Distinguished Achievement Award
LYNNE DOUGHTIE, the keynote speaker for the University Commencement Ceremony, was honored with the Distinguished Achievement Award. The first female top executive at KPMG LLP, she is regularly named one of Fortune Magazine’s Most Powerful Women in Business. She also received the college’s Distinguished Alumnus Award in 2007.
Distinguished Service Award
JIM HATCH, a longtime member of the Pamplin Advisory Council, was honored for his distinguished service during the University Commencement Ceremony. Hatch, who received Pamplin’s Distinguished Alumnus Award in 2010, served two terms on the Virginia Tech Foundation Board of Directors.
Faculty Outstanding Mentor Award
CLIFF RAGSDALE, the Bank of America Professor of Business Information Technology, received the Faculty Outstanding Mentor Award. As the director of graduate programs and the academic director of the Pamplin Center for Business Intelligence and Analytics, he has been a member or chair of more than 30 graduate committees. He also received the Outstanding Faculty in Doctoral Education award in 2017.
Alumni Award for Excellence in International Education
DAVID BRINBERG, a marketing professor, was honored for his work serving students who study abroad. His programs now draw 40 percent of Pamplin students who study abroad. He has received the Award for Excellence in International Programs three times since 2009. He also received the 2011-12 Award for Excellence in Outreach and the 2010-11 Award for Excellence in International Outreach.
TERRY COBB, associate professor of management, was named an associate professor emeritus. He started with the university in 1978 and has made significant research contributions through his work in organizational behavior focusing on organizational politics, organizational justice, and behavioral ethics.
MICHAEL WOLFE, assistant professor, was named the Curling Faculty Fellow of Accounting and Information Systems. He joined the department in 2013. His research examines the impact of regulatory change, ethics, and emerging influences such as crowdsourcing on decision making in accounting and finance. The Curling Fellowship in Accounting and Information Systems was established in 2008 through a gift from Doug C. Curling (ACCT ’76, MACCT ’77) to honor his father and uncle.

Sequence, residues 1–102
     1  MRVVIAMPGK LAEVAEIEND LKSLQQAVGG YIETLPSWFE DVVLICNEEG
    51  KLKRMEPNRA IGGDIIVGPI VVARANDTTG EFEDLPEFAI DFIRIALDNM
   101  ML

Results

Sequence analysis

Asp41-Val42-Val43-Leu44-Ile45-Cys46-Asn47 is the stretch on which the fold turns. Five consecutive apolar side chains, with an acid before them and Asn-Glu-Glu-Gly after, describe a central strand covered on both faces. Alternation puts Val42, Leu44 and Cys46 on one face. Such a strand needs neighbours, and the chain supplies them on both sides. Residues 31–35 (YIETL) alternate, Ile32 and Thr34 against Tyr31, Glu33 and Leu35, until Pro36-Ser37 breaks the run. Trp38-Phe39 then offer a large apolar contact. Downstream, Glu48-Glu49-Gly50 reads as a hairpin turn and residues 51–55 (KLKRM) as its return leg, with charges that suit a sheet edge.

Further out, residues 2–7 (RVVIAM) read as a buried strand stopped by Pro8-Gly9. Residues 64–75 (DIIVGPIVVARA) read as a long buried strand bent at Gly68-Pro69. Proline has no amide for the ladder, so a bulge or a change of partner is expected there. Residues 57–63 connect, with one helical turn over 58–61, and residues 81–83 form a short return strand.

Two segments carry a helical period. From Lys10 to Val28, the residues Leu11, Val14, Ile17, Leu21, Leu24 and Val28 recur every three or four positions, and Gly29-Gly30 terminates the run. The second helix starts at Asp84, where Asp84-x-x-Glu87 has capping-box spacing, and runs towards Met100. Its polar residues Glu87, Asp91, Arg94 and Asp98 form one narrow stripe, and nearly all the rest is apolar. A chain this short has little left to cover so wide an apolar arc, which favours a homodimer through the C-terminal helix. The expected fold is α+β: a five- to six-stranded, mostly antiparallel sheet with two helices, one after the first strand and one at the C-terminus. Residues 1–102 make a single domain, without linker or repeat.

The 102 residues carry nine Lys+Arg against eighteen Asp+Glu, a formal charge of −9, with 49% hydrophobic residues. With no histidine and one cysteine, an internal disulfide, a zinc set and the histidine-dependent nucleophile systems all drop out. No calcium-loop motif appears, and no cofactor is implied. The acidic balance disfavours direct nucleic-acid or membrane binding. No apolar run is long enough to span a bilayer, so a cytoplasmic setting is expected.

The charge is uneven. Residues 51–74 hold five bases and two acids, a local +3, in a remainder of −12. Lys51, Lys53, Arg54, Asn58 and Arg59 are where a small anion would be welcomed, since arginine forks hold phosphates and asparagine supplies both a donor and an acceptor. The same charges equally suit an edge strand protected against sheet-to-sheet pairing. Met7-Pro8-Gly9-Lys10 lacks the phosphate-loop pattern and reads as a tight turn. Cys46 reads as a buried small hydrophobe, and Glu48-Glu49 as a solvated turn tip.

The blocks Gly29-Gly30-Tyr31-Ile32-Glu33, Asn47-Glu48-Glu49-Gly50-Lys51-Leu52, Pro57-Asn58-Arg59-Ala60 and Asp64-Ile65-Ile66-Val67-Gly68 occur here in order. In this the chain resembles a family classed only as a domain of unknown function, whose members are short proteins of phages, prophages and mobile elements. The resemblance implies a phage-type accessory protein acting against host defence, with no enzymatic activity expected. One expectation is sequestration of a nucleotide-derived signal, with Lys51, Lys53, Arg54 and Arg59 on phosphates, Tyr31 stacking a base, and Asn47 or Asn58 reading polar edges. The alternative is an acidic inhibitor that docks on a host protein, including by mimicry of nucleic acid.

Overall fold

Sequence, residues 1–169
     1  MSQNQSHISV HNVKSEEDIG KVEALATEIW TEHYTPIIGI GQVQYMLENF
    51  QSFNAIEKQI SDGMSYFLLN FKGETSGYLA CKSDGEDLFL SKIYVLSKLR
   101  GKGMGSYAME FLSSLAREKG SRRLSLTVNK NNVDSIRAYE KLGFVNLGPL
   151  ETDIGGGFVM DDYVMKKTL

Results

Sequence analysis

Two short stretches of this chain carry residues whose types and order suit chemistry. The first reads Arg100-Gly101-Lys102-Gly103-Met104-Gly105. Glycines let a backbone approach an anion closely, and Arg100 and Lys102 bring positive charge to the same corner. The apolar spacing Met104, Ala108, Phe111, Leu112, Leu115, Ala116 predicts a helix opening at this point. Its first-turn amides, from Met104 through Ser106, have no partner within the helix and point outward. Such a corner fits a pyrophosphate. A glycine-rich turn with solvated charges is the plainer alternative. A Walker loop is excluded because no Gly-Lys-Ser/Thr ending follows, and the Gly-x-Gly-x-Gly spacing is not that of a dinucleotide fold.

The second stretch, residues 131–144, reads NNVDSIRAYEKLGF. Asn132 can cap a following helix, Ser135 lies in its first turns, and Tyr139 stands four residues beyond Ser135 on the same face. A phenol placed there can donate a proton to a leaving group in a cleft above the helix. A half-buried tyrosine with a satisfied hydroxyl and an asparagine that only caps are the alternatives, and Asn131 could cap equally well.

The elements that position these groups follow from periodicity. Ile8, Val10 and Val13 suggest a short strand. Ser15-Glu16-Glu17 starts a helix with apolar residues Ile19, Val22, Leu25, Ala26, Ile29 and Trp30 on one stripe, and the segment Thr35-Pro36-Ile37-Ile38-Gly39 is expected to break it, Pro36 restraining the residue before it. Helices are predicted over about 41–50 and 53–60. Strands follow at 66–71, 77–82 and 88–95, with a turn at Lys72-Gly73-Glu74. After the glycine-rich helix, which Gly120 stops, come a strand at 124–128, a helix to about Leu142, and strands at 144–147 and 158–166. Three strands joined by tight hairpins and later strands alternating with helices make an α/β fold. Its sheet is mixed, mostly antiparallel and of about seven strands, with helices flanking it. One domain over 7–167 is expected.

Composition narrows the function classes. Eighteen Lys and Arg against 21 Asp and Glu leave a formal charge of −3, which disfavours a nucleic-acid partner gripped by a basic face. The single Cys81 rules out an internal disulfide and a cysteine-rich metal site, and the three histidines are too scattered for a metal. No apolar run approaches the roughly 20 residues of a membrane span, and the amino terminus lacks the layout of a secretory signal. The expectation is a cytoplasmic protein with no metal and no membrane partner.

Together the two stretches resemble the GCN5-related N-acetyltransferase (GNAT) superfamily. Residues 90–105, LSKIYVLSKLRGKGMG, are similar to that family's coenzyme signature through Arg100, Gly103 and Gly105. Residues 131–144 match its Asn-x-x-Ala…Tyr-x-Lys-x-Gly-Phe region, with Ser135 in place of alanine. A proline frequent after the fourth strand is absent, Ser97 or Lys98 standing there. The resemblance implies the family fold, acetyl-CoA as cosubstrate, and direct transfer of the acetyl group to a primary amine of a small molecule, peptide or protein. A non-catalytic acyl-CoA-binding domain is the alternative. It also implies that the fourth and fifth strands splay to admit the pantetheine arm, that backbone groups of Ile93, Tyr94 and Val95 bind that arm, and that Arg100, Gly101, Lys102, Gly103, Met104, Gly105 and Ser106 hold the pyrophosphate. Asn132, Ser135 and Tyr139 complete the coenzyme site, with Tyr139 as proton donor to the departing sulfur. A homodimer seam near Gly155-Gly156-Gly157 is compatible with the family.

SARAH STEIN, assistant professor, was named the Deloitte Foundation Faculty Fellow of Accounting and Information Systems. She joined the department in 2013. Her research examines factors influencing audit quality and efficiency. The endowment was created by the Deloitte Foundation and is supported by members of the Deloitte community.
LING LEI LISIC, associate professor, was named the L. Mahlon Harrell Junior Faculty Fellow. She joined the accounting and information systems department in 2017. Her research focuses on audit and financial accounting. The L. Mahlon Harrell Junior Faculty Fellowship in Accounting and Information Systems was established by alumni and friends to honor Harrell, an accounting faculty member from 1931 to 1971.
McVay and Rosenberg Fellow
FRANK MAY, assistant professor of marketing, was named the Mary F. McVay and Theodore R. Rosenberg Junior Faculty Fellow. He joined the department in 2014. His research focuses on how factors pertaining to time influence self-control decisions. Mary F. McVay (ACCT ’78, MBA ’81) and Theodore R. Rosenberg established the fellowship in 2004.
Wells and Dargo Professor
SUDIP BHATTACHARJEE, a professor, was named the Thomas M. Wells and Kathy Dargo Professor in Accounting and Information Systems. He joined the department in 2001 and is an internationally recognized scholar in behavioral accounting, examining judgment and decision making in auditing and accounting. The Thomas M. Wells and Kathy Dargo Center for Excellence in Accounting and Information Systems research center was established by Kathy Dargo to honor her late husband Thomas M. Wells (ACCT ’73), a former Geico CFO, who died of leukemia in 2005. Dargo died in 2016.